Have you read it? Review it!

If you have already read Between Two Kingdoms and enjoyed it, one of the best ways to spread the word at this time is to write a review on Amazon or CBD.

Check out our first review on Amazon by Charles Schierbeck:

It is hard to know how to cast Joe Boyd’s book. I think the category of allegory is correct, however, at times I think that parable might be the better word. Rather, a string of parables woven into one longer story. What makes this nice is that you can read the book one chapter at a time, as a sort of devotional, or just plop down on the sofa and get lost in it for a whole night. I’d like to reread it with a group. It is that sort of book that you would want to read with friends and discuss.

The biggest thing I got out of the book was the authors concept of the upper kingdom. As I first read the book I was trying to figure out if the upper kingdom represented heaven or the church. Then I realized that there is no real distinction between the two. The upper kingdom is the “church as we see her spread out through all time and space and rooted in eternity” (CS Lewis, Screwtape Letters). I understood this concept, that the church is God’s attempt to bring his kingdom into the world. However, when I finally made the connection in the book it was a shock to my system just how much I had separated the two in my real life. It is perhaps a little sad that I have not thought of the church the way it is presented in this book.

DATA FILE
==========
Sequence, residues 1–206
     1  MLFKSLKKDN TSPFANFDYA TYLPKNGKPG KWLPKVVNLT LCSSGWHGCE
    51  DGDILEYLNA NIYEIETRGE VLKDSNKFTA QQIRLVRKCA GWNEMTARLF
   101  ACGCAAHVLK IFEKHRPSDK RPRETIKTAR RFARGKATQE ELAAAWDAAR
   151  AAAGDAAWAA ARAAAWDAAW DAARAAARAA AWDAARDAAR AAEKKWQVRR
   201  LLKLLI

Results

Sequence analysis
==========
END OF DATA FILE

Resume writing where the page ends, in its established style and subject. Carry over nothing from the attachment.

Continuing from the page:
The title of my review is perhaps a bit lofty. It would be hard for me to place any book in the company of Lewis, Sayers, Tolkein, or Williams. Of the group only Lewis is really comparable, as none of the others wrote allegory. While “B2K” might not rank with the best of Lewis’ work it is at least as good as if not better than his lesser works (such as Pilgrims Regress). The reason for the title is that the author is clearly influenced by these authors in the same way that Lewis was influenced by MacDonald and Chesterton. He is a good student of these masters. So, if you like Lewis’ allegory, “Hinds’ Feet on High Places”, by Hanna Hurnard, or “Phantastes” by George MacDonald; then you should add this book to your reading list.

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